West Tone Records
14 tracks / 45:46
Though his name was Chester Arthur Burnett when he was born in Mississippi early in the last century, blues fans know him as Howlin’ Wolf – one of the most influential of the Chicago bluesman. He recorded many songs that are now considered classics, and he was a savvy businessman who could afford to surround himself with only the best musicians. Wolf passed away over 40 years ago but his work is still popular and relevant, as evidenced by the new tribute album, Howlin’ at Greaseland.
Kid Andersen is the king of Greaseland Studios, and if you are a west coast blues artist, his San Jose, California studio is the number one facility to make your music the best it can be. Andersen is the longtime guitarist for Rick Estrin and the Nightcats, and this experience as a working musician gives him special insight as a producer and engineer – he really knows all sides of the business, and has the technical knowledge to make an artist’s dreams a reality.
Howlin’ at Greaseland includes ten of Wolf’s classic songs that are fronted by some fabulous California and Chicago cats, including Alabama Mike, John “Blues” Boyd, Terry Hanck, Tail Dragger Jones (who got his nickname from Wolf), Henry Gray (Wolf’s piano man), and Lee Donald. There are actually 14 tracks, but four of them are studio narratives from the artists that serve to both educate and entertain the listener. The set kicks off with Alabama Mike’s take on “Meet Me in the Bottom,” and his edgy vocals are accompanied by Anderson on guitar and Rick Estrin on the harmonica. Apparently the all-star cast goes deeper than just the singers!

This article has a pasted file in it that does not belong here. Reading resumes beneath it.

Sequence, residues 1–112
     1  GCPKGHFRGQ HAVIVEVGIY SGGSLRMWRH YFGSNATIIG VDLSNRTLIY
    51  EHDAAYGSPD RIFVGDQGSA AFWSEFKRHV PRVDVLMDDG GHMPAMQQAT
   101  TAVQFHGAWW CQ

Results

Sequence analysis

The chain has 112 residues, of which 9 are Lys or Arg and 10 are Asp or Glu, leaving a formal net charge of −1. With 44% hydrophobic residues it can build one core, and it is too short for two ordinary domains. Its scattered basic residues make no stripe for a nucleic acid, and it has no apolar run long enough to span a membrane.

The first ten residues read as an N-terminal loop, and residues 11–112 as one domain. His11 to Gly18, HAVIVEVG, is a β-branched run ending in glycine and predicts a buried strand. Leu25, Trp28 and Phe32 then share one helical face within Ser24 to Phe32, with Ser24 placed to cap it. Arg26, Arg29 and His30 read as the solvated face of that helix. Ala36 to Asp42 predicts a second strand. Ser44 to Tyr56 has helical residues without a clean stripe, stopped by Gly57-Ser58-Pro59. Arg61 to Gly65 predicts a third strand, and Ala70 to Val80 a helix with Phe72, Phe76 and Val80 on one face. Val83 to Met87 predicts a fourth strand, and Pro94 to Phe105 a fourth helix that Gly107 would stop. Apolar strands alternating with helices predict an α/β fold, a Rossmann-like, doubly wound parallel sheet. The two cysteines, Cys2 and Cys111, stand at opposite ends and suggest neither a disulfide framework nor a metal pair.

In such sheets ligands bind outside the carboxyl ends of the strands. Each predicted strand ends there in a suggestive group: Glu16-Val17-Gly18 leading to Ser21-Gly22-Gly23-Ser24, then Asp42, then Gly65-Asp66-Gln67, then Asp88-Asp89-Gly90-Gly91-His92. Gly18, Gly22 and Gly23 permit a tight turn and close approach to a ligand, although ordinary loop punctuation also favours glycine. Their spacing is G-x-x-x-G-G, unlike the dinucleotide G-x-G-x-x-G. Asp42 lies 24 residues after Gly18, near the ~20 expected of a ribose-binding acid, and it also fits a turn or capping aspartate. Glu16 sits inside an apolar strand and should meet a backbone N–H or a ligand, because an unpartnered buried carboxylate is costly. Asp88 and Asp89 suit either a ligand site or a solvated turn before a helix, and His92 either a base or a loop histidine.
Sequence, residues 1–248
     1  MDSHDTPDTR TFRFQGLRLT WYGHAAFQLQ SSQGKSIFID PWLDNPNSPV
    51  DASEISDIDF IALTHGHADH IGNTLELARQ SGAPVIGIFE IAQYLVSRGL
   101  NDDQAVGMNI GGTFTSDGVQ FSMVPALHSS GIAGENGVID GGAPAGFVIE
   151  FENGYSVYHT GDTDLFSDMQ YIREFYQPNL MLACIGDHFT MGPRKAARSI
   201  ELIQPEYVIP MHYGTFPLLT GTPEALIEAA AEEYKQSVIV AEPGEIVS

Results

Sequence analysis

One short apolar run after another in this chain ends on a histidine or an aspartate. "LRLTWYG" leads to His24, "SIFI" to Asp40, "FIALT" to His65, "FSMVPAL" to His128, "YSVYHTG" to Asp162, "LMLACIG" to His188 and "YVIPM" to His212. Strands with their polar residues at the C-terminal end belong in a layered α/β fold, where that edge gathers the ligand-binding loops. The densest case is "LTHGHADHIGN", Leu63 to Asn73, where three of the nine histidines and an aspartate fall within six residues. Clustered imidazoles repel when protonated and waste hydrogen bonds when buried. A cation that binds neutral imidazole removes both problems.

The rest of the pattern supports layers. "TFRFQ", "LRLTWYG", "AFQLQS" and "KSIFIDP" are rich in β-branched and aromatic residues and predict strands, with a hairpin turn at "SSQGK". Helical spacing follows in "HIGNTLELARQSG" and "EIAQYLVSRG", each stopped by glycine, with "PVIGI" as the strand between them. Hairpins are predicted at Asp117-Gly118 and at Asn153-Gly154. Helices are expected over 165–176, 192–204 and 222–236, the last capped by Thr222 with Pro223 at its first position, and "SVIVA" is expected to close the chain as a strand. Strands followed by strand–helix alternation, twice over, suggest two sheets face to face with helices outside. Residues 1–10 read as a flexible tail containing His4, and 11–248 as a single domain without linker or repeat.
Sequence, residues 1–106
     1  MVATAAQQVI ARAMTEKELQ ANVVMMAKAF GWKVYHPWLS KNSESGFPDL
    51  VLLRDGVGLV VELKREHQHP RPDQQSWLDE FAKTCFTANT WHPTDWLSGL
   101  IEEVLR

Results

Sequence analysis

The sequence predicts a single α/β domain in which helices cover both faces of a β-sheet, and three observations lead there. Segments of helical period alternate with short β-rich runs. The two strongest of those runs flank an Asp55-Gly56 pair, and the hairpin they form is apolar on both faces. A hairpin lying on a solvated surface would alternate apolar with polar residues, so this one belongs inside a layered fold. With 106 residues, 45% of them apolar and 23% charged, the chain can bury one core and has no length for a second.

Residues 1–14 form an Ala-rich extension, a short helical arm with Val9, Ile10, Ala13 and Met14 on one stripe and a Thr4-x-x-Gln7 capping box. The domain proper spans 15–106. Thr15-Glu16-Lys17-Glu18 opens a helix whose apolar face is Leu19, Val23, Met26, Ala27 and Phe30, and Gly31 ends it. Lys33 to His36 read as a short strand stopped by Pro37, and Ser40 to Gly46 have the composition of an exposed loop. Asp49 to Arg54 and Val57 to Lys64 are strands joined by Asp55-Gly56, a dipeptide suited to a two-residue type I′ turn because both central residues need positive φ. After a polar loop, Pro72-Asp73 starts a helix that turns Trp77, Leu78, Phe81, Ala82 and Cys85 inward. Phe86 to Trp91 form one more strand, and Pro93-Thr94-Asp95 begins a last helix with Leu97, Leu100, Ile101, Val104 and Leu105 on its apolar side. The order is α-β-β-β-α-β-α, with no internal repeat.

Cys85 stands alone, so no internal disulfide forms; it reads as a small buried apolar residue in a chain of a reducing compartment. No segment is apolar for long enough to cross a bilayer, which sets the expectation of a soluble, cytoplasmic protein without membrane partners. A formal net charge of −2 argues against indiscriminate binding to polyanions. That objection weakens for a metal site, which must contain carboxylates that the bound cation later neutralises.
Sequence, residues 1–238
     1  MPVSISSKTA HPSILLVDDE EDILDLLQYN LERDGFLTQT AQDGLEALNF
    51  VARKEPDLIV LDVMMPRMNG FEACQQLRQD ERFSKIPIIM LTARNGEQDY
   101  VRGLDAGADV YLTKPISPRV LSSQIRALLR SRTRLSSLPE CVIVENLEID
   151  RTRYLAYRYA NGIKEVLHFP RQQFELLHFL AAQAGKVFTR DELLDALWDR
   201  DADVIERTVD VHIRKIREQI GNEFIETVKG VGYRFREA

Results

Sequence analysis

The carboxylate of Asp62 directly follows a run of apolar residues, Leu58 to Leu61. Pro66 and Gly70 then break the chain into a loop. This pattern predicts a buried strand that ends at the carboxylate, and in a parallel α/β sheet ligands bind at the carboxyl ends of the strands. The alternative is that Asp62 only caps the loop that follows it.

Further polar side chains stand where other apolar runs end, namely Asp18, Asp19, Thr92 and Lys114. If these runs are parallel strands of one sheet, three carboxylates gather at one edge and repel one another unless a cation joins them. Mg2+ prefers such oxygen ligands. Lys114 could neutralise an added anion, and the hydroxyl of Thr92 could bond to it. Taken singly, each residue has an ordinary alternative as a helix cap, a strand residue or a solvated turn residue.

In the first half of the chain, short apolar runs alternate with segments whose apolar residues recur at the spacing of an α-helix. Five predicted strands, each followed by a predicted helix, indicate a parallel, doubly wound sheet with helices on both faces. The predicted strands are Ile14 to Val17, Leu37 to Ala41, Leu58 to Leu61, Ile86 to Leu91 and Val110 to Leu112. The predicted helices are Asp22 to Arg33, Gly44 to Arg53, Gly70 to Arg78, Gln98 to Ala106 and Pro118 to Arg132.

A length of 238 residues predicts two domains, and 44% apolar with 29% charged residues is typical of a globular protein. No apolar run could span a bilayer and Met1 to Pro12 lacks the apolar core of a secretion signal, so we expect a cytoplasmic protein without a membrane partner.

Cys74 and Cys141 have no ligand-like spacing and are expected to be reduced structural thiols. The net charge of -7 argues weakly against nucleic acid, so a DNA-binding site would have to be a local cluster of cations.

John “Blues” Boyd is featured on a trio of tracks, including a sweet rendition of “Spoonful,” “Riding in the Moonlight,” and the ever-popular “Smokestack Lightnin’.” Boyd’s voice is weathered and perfect for these songs, and Estrin’s leads are killer as the backline of Joe Kyle Jr. and Derrick Martin hold down the bottom end. The latter song includes some righteous howling from John, which really makes the tune complete.
Terry Hanck tells a hilarious story about a time in the 1960s when his dad hired Wolf for a shopping mall gig, and then grabs the reigns for a hopping take on “Howlin’ for My Darling.” Hanck takes care of the vocals and sax for this track, which features the guitar of Johnny Cat (best nickname ever) and the honky-tonk piano of the Grammy-winning Jim Pugh.
Tail Dragger recounts how he got his nickname from Howlin’ Wolf, and on this disc his vocal style comes closest to how Wolf delivered his music. He knocks down “I’m Leaving You” and “Don’t Trust no Woman” with Johnny Burgin on guitar and the amazing Aki Kumar the harmonica. Lee Donald also fronts one song, and “Forty Four” is a throwback piece with heavy drum work from June Core and vocals that are heartfelt and powerful.
These songs are all outstanding, but getting to hear Henry sing and play his piano is really special. “Worried Life Blues” and “Little Red Rooster” should be required listening for any young folks who are thinking of playing the blues. This guy is on the other side of 90 and is still bringing his “A” game to the table; he is truly a treasure of American music.
Howlin’ at Greaseland is a solid tribute to one of blues music’s greats, and it is delivered in a well-recorded and slickly produced package. Though there is a different line-up for each track, they all have a consistent sound and work very well as a whole, Any fan of Howlin’ Wolf or the classic blues styles will find nothing to gripe about here. Give it a listen for yourself, and see what you think!